Journeys in Translation: translating poems

Stories from the Jungle by Emma Lee poem postcardJourneys in Translation is intended to build on the success of the Journeys Poem Pop-up Library which took place during Leicester’s Everybody’s Reading last October. We took 8 poems from “Over Land Over Sea: poems for those seeking refuge”, printed them on postcards and gave them out at Leicester’s Railway Station. We had allocated an hour each day but ran out of postcards on the fourth day. Doubtless some would have taken a postcard thinking it another promotional leaflet and less hassle to accept and move on rather than try and refuse, some of those postcards may have been read before being recycled. The library was about sharing poems. One of the drivers of the original anthology was to reach out and share stories, hopefully enabling others to share theirs.

The practicalities of a quick publication turnaround – the call for submissions went out on 3 September and the anthology was launched on 1 December – meant that we had to request poems in a language common to all three co-editors so the poems could be selected, typeset and proofed in a timely manner for the printers to deliver by the launch date. Raising funds towards practical help was given priority. I feel that was the right decision.

Journeys in Translation gives an opportunity to overcome some of the disadvantages of the monolingual “Over Land Over Sea: poems for those seeking refuge.” The 8 poems have been expanded to 13 and the idea is to encourage people to have a go at translating one (or more) of those poems into another language. There is a Facebook group https://www.facebook.com/groups/316952552020172/ and a couple of Journeys in Translation workshops have been held in Leicester where participants were encouraged to have a go at translating one or part of one of the poems and discuss any obstacles to translations or the nature of translation itself. We’ve asked for literal translations so there is no pressure to make a poetic translation (i.e. to try and shape the translation so it reflects the original rhythms and/or sound patterns/rhymes in the English poems). We are also exploring how to translate the poems into British Sign Language – this will probably be done as a video with someone reading the original poem alongside another signbut one country Rod Duncan showing English original and Shona translation by Ambrose Musiyiwaing it.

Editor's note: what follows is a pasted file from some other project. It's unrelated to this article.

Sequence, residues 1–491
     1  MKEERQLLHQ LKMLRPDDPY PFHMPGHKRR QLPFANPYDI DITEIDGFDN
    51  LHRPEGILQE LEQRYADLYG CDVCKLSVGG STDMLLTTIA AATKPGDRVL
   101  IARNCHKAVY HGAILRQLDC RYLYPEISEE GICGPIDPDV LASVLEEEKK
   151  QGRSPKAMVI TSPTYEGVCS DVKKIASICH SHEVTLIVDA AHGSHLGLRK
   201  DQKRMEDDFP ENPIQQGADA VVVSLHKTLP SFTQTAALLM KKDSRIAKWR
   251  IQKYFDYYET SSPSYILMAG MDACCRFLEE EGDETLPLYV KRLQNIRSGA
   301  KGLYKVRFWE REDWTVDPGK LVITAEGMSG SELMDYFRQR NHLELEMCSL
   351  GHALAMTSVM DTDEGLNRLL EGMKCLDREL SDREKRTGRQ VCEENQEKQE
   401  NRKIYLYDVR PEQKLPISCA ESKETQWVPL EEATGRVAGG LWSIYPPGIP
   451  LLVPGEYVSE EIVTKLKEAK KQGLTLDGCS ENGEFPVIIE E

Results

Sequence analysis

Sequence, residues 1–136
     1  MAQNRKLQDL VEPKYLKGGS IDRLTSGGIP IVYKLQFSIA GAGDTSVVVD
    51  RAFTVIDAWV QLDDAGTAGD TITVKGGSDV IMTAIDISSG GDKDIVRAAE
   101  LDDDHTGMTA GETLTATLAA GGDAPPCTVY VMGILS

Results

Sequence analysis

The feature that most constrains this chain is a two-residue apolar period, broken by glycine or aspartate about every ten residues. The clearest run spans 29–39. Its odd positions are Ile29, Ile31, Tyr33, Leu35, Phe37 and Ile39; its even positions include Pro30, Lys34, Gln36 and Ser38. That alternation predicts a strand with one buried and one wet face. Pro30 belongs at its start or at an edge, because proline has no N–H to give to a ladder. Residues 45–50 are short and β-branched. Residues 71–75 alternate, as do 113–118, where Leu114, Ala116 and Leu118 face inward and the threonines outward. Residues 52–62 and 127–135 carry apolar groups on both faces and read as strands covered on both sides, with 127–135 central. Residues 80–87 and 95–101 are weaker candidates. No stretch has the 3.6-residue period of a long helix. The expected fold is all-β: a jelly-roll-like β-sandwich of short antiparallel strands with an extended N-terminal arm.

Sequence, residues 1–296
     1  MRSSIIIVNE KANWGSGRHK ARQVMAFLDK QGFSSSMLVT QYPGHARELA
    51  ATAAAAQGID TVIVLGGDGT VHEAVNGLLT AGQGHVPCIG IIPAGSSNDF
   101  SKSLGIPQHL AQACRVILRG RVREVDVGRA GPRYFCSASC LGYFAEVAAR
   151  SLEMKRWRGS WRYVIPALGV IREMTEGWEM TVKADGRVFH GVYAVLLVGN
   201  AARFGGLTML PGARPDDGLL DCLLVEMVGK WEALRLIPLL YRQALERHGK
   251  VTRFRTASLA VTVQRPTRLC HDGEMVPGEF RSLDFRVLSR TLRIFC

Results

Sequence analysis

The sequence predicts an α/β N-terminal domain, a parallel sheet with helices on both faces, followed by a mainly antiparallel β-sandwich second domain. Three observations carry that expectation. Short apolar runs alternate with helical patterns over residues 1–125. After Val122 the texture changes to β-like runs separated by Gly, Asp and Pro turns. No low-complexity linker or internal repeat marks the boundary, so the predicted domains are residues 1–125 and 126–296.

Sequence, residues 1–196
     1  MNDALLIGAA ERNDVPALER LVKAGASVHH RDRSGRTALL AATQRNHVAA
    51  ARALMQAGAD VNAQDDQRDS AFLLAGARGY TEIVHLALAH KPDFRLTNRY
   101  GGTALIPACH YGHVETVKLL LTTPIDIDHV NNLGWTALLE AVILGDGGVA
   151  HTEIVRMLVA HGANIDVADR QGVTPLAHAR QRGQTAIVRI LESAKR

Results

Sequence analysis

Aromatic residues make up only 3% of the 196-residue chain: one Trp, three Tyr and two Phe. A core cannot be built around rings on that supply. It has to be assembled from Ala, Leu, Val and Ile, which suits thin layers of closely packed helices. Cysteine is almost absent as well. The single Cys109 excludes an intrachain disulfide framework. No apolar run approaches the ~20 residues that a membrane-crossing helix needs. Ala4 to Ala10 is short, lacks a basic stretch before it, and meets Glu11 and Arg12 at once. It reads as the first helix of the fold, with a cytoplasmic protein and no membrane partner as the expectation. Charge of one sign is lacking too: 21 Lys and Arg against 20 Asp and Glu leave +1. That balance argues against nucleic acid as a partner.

We plan to have an event on 30 September 2017 (International Translation Day) in Leicester where the original poems are read along with some of the translations. There will also be posters on display showing original poems and translations. Most of the original poets are based in or near Leicester. However, it is open for translators not local to Leicester to hold similar events or workshops in their own locality. Our focus currently is on our Journeys in Translation event but we are thinking about how to make the poems and translations visible after the event.

 

 

 

 


This blog is included in Matthew Stewart’s Rogue Strands’ Best Blogs of 2016. Do have a read of his article and explore the listed blogs – all worth a read.  With thanks to Matthew for listing this blog.


 

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